Eye Disease/Disorder – Refractive Error

A Refractive Error is a very common eye disorder. It occurs when the eye cannot clearly focus the images from the outside world. The result of refractive errors is blurred vision, which is sometimes so severe that it causes visual impairment. Refractive errors are disorders, not diseases. A Refractive Error means that the shape of your eye does not bend light correctly, resulting in a blurred image. Light has to be refracted or bent by the cornea and the lens to the retina in order for us to see.

The following are the most common Refractive Errors, all of which affect vision and may require corrective lenses or surgery for correction or improvement:

  • Astigmatism (blurred vision at all distances)
    Astigmatism

    Astigmatism is a condition in which an abnormal curvature of the Cornea can cause two focal points to fall in two different locations – making objects up close and at a distance appear blurry. Astigmatisms may cause eye strain and may be combined with nearsightedness or farsightedness. Eyeglasses, Contact Lenses, or Corrective Surgery may help to correct or improve the condition.

  • Hyperopia (close objects are blurry).
    Hyperopia

    Commonly known as farsightedness, hyperopia is the most common refractive error in which an image of a distant object becomes focused behind the retina, either because the eyeball axis is too short, or because the refractive power of the eye is too weak. This condition makes close objects appear out of focus and may cause headaches and/or eye strain. Eyeglasses or contact lenses may help to correct or improve hyperopia by adjusting the focusing power to the Retina. Corrective surgery may also help by changing the shape of the Cornea to a more spherical, round shape instead of an oval shape.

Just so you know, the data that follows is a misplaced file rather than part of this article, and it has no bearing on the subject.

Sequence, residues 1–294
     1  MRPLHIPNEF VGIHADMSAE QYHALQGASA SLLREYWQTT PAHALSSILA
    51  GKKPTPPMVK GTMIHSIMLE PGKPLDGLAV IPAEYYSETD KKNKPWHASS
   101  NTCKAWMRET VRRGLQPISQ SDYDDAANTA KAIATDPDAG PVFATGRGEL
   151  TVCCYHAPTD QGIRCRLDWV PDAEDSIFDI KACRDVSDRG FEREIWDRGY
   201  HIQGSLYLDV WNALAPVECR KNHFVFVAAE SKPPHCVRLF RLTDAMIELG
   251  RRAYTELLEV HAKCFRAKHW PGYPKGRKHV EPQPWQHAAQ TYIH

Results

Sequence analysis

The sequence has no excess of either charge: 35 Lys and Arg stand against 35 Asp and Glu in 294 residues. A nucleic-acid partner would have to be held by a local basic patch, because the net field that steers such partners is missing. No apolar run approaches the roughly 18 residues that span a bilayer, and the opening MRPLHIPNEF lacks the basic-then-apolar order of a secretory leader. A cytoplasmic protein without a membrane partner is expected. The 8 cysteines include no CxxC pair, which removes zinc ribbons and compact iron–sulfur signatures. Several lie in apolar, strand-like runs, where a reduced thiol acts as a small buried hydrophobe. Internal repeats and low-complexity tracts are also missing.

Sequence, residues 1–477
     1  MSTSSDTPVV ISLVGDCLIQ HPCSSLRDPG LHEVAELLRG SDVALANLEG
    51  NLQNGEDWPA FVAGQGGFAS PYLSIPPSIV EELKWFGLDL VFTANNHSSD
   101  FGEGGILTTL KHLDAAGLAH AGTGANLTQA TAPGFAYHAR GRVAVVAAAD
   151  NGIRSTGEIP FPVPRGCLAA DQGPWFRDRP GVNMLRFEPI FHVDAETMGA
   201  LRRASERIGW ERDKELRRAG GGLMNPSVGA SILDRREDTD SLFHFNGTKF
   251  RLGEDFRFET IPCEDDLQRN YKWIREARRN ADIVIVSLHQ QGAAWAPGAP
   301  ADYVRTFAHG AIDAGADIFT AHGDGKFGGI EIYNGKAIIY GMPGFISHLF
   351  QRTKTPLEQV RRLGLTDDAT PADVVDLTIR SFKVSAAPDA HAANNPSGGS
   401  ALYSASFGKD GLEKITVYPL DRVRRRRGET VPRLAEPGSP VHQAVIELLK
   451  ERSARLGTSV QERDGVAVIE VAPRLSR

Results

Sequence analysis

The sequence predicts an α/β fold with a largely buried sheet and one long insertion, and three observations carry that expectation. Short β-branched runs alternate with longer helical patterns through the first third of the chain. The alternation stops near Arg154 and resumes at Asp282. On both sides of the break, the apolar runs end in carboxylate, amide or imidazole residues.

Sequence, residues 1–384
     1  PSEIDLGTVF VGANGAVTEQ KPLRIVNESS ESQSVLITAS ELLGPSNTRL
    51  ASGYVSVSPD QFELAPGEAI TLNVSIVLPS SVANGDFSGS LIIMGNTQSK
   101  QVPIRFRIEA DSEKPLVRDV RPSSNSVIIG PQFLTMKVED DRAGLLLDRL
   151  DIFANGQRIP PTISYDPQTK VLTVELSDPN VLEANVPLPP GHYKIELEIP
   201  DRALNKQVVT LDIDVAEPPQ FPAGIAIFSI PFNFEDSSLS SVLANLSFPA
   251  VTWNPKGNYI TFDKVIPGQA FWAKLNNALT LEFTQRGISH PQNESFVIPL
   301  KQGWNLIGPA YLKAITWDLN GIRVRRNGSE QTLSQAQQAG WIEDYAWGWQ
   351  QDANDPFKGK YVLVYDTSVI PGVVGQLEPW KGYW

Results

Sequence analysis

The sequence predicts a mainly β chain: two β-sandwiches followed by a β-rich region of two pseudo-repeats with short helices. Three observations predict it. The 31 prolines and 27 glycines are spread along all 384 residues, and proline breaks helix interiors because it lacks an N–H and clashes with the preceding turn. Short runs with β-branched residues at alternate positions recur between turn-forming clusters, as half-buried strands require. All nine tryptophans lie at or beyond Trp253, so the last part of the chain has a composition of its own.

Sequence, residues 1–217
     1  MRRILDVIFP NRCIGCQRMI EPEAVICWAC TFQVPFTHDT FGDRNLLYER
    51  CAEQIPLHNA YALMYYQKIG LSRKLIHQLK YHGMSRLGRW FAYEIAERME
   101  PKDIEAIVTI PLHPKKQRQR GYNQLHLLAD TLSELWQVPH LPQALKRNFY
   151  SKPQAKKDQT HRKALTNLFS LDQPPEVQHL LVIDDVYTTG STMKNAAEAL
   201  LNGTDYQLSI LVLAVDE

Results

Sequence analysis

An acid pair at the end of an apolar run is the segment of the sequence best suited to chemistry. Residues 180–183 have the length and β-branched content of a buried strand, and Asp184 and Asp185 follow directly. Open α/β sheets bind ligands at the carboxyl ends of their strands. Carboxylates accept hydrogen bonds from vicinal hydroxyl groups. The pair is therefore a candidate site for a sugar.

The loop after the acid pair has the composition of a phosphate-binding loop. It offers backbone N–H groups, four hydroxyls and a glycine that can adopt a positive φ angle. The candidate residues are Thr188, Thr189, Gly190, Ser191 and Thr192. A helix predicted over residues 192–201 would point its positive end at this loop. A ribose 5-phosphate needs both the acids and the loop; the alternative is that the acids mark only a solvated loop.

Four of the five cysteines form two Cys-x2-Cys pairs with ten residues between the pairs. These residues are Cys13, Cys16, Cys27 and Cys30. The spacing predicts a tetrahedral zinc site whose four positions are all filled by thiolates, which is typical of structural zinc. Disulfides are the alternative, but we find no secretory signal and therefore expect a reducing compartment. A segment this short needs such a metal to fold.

• Myopia (distant objects are blurry).

    Myopia

Commonly known as Nearsightedness, Myopia is a condition in which, opposite of hyperopia, an image of a distant object becomes focused in front the retina, either because the eyeball axis is too long, or because the refractive power of the eye is too strong. This condition makes distant objects appear out of focus and may cause headaches and/or eye strain.

  • Presbyopia (aging of the lens in the eye).

    Presbyopia

After age 40, the lens of the eye becomes more rigid and does not flex as easily. The result is that it is more difficult to read at close range. This normal aging process of the lens can also be combined with myopia, hyperopia or astigmatism. Presbyopia is commonly treated using corrective lenses, such as eyeglasses or contact lenses.

Topics Covered

  1. Refractive Error
  2. Astigmatism (blurred vision at all distances)
  3. Hyperopia (close objects are blurry)
  4. Myopia (distant objects are blurry)
  5. Presbyopia (aging of the lens in the eye)
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